“We’re in a wonderful moment for Hollins,” said Hinton about this new project, which is still in its early planning stages, “a moment when we can take our 179-year legacy of courage and inclusion and reimagine it for the changing national demographic makeup of college students.” For the undergraduates, Hinton said, that entails examining what the university’s diverse and talented students need to thrive, especially given that the next generation of students will have had their educational progress meaningfully disrupted due to COVID-19. For the small but eclectic group of graduate programs at Hollins, Hinton said that the school must reimagine how these programs are supported and how to more meaningfully engage with graduate students and faculty. Hinton even wants Hollins to reimagine its place in the broader Roanoke region. “When we think about being inclusive, part of that has to do with our location in Roanoke, being an active part of that community,” said Hinton. “Because I firmly believe that private education is and must be a public good.”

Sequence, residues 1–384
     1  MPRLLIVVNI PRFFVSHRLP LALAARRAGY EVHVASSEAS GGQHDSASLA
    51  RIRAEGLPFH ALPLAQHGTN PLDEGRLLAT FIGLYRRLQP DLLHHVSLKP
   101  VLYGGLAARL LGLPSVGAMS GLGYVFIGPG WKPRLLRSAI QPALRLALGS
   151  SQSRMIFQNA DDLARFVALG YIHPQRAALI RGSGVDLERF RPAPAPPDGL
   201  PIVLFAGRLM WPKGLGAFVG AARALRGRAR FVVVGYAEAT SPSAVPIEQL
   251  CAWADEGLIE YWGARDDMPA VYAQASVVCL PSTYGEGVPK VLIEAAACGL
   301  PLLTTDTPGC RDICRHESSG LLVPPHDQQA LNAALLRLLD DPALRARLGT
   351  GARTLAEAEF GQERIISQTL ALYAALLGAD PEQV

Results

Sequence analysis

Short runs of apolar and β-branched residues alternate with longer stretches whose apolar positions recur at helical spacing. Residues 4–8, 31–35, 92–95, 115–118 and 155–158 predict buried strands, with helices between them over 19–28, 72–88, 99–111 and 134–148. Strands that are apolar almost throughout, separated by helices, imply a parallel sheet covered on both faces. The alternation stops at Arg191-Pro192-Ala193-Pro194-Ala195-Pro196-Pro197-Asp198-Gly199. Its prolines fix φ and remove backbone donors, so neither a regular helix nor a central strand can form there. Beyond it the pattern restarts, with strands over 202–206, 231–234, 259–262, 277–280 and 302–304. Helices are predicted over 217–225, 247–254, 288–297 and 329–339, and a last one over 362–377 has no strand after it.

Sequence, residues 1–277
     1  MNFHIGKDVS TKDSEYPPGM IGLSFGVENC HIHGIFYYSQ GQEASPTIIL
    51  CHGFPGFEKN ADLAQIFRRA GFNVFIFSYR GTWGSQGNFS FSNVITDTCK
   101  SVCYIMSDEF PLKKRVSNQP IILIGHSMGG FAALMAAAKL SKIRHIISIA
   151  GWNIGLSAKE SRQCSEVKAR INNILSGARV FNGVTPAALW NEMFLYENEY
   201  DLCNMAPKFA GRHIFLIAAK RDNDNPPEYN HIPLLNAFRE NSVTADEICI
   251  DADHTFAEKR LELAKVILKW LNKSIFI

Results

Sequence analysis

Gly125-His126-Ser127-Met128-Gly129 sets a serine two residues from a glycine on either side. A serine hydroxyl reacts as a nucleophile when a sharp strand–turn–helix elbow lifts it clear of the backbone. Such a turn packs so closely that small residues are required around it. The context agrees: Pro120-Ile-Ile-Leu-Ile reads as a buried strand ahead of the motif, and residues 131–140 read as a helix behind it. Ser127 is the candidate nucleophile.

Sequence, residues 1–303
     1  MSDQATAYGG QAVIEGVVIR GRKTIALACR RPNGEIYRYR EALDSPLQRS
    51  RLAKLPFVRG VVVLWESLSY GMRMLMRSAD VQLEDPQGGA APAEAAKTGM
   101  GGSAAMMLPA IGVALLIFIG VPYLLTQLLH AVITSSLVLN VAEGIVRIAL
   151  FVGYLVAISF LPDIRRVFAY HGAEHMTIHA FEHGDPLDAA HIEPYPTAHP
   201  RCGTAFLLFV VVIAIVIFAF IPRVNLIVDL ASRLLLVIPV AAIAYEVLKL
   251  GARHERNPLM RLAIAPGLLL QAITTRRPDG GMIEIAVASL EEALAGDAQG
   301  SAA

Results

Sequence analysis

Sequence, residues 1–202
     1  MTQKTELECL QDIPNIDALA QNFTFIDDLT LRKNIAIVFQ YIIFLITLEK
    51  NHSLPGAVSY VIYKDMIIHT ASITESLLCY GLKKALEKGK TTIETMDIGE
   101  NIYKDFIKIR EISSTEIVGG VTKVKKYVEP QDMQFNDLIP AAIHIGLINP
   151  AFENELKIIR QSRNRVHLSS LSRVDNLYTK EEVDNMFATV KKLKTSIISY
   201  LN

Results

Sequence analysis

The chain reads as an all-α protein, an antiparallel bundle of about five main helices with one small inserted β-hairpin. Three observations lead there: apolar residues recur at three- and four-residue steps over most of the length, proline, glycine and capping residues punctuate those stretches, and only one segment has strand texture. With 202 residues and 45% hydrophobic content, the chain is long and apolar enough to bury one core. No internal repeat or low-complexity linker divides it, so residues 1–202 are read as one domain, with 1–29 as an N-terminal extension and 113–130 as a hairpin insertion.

Having made educational equity a priority throughout her career, Hinton does not view this campaign or its goals as hers and hers alone. Far from it, actually. “I have the privilege of leading that conversation and cultivating and stewarding that vision but, ultimately, it will come from the Hollins community and the faculty, staff, and students, both at the graduate and undergraduate levels,” said Hinton. “However we emerge out of this crucible moment, it will be a reflection of everyone in the community, not a single leader, because I believe a leader’s responsibility is to help a community live up to its grandest aspirations. That will be my job, and I’m really excited for that work.”
“So we are going to talk about it a lot, and that’s not about my personal agenda—that’s about how Hollins prepares students to be successful. That’s a priority much like embracing the liberal arts is a priority, much like amplifying women’s voices is a priority.”
Jeff Dingler is a current creative writing M.F.A. student and marketing intern.